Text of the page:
Another focus on direct watercolor – no lines, no pencil. Here, my main focus was to draw straight lines with a brush, as well as consider how not to get everything bleeding into each section. I tried to do one area at a time – say, one building part – and then move on to one adjacent to it, working carefully to make each area separate but connected. Sounds like a lot of hooey when I read it, but that’s best description I can give right now! I’m running late to work.
Direct watercolor, paint what’s in front of me, no lines. Those were my morning thoughts. What is always in front of me in the morning is my messy desk, full of different debris, depending on the day and whether or not I’ve done any tidying. As I pondered, oh so profoundly, I looked at the cell phone on my desk and really liked the reflections from my monitors . . . and here is today’s subject.
I worked to think more consciously and conscientiously about what I was doing. First, the outline of the phone, on my rather ochre-colored desk, then the darks of the phone itself, followed by reflections and shadows. I tried to be selective of where to touch different colors for bleeds. Finally, I went back in and did some shadows and contrasts to make a bit stronger image. In between, I worked carefully to avoid blooms and hard edges from backwash.
Instead of just sketching in the morning, like a flower or something, I thought about just painting things. The most prominent and important thing on my desk at 6 a.m. is my coffee cup! This is one of my favorites, too, even though it is quite chipped and so on. I’ll keep it until it dies. Now it is immortalized in a “direct watercolor” – no lines – and in a rather disproportionate manner, but here you go.
Besides doing the orchid yesterday, I sat down and did what is being called”direct watercolor.” As in sumi-e, the artist thinks about things before committing brush to paper. No lines. No value studies. Look, see, think, paint. It is a bit of a challenge and rather daunting, but I think this is such an enlightening way to learn the art of brushwork, value, contrast, and so on. I did some glazes here and there, to create contrast as well as to carry various colors throughout the painting. I also worked with vignetting, considering the shapes of the four corners of the vignette as well.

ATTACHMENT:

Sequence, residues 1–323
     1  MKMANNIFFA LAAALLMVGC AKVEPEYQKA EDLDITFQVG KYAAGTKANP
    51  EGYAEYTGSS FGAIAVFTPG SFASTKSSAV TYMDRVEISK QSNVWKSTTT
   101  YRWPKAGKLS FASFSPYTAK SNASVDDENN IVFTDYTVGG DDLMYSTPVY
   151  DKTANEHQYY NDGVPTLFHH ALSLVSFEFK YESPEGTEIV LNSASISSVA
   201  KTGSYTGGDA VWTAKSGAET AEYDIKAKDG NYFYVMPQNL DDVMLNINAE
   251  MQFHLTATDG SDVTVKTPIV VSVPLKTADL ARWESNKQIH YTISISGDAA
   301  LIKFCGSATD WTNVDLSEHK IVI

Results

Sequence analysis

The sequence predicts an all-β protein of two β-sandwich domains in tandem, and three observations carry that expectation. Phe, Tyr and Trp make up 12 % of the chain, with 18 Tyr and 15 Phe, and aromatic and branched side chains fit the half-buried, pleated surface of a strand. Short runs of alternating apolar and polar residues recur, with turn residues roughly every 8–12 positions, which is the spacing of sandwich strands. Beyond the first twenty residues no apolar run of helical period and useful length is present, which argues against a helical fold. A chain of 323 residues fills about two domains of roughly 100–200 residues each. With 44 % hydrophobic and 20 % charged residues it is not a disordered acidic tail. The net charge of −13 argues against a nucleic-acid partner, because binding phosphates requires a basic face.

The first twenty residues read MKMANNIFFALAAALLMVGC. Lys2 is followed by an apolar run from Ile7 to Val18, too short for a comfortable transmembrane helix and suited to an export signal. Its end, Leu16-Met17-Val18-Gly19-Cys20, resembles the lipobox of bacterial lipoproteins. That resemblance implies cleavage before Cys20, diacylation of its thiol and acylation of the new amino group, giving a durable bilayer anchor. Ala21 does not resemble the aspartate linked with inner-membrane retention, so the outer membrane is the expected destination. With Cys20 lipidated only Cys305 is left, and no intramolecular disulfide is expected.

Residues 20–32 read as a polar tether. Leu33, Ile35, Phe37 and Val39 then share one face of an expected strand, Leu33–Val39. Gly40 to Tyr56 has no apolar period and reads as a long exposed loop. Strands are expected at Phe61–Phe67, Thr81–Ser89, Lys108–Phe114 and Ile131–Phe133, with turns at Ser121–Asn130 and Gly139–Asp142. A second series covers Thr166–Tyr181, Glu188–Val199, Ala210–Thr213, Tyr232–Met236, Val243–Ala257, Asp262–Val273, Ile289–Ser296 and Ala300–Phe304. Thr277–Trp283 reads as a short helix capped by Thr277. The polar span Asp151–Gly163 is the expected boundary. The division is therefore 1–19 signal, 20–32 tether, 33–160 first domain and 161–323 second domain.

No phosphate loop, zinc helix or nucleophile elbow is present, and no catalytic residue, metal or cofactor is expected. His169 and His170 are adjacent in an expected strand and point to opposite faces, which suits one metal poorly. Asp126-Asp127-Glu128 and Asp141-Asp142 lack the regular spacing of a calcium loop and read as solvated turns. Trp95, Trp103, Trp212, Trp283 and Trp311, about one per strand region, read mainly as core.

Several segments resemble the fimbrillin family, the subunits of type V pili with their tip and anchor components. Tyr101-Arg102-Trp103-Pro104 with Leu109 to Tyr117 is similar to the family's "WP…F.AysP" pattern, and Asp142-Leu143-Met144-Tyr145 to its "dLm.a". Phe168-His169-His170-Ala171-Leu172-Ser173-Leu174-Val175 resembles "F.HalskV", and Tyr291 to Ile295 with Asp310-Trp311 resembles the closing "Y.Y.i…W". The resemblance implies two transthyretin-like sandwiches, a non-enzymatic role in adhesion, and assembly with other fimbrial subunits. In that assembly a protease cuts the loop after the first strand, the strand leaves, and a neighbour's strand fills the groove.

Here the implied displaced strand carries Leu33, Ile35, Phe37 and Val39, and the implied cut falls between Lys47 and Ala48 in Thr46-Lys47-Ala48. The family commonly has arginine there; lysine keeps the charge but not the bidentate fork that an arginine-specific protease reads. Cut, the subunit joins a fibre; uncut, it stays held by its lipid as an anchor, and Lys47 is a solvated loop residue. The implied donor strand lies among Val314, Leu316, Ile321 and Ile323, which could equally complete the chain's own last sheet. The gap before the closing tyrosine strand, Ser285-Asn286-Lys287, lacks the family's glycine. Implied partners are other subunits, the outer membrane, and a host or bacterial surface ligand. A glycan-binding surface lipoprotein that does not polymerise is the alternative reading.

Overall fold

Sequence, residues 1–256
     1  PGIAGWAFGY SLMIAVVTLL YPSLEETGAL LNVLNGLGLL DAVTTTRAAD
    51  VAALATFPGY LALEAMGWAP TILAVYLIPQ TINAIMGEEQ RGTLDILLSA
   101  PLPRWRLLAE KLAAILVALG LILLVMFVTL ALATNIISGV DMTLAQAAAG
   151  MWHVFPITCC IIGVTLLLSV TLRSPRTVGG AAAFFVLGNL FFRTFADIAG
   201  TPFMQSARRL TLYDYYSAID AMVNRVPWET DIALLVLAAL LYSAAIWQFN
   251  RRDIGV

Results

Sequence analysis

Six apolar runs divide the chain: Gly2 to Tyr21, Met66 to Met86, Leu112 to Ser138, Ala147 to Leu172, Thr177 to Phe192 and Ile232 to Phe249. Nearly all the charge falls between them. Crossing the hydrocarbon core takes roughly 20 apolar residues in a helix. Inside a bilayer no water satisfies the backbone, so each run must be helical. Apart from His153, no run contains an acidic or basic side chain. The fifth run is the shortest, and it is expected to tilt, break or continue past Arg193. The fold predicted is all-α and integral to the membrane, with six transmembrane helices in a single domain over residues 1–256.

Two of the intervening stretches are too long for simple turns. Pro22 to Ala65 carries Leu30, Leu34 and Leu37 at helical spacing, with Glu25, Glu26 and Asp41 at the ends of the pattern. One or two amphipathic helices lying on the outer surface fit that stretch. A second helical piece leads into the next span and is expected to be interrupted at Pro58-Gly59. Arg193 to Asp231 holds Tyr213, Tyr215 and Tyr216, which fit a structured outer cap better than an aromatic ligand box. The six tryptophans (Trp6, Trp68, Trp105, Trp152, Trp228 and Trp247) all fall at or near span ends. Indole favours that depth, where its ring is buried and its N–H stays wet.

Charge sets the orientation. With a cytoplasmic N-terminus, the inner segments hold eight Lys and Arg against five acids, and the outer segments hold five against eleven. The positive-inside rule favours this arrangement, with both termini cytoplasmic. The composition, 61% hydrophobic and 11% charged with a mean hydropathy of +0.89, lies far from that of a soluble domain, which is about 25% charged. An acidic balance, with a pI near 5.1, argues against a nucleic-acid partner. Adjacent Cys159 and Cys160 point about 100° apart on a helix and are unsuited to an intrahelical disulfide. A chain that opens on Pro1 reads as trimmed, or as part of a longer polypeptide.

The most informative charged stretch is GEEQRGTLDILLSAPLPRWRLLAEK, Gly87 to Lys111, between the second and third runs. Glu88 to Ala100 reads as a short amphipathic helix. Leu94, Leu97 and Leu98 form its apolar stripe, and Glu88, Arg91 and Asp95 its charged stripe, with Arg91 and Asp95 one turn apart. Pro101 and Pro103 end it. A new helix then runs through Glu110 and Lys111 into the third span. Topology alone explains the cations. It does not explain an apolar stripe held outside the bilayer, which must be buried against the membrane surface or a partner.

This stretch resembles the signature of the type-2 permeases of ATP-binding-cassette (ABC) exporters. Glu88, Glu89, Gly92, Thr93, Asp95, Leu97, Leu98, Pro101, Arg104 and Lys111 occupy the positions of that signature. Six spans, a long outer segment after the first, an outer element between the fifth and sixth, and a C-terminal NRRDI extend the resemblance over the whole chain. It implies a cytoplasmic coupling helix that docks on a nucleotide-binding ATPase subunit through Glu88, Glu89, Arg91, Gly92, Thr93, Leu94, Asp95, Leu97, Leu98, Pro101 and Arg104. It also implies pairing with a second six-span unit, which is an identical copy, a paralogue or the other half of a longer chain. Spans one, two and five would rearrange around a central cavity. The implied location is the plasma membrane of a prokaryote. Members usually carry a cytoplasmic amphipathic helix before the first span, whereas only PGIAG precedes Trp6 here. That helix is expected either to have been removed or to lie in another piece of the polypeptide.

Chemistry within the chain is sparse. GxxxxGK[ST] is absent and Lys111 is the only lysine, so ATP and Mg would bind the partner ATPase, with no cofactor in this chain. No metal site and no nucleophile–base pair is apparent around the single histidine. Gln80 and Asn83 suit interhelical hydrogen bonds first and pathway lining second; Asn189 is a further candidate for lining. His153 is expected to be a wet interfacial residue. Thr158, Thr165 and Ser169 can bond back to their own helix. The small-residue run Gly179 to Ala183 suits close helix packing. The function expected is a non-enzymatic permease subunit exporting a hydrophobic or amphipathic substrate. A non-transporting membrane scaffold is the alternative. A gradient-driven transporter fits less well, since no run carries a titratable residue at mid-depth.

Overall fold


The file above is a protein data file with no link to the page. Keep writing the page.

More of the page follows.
The other day, I came into possession of a copy of Marc Taro Holmes’ newest book, Direct Watercolor. In spirit, I am much of the same philosophy – little prep, direct painting, thinking ahead, seizing the moment, using colors directly, relying on imagination and happenstance and experience to create a painting. All this requires is just doing it! The “doing it” is the training – you do it, you think, you do again. Like anything, practicing it enhances your skills and brings the mind-muscle memory together in ways that, if you were to consciously thing about, you could never achieve.
Marc mentioned some things I found particularly useful. One is to create a silhouette of what you are working on – create the outer edges and then move inward. Decide if edges are going to meet so that colors can bleed into one another. Keep your edges dry if you don’t want things to bleed from one thing into another. Let the painting dry, but don’t go over it extensively. Other points he made is to work light to dark, large to small, but if you are working on something, do it directly – don’t dance all over the paper.
The silhouette appealed to me immensely, as well as the brushwork. Here are some examples of brushwork and silhouette working together. Once the edges of whatever I was painting were done, I then came in with varied colors to shade or define. The colors really please me in many of these little sketches – the blending, the bleeding, the hard edge against the paper’s white.
Flowers make sense for the silhouette and then move in to blend colors. Above, wet-on-dry. Also, working directly while everything is still wet – as in the tulip on the far right.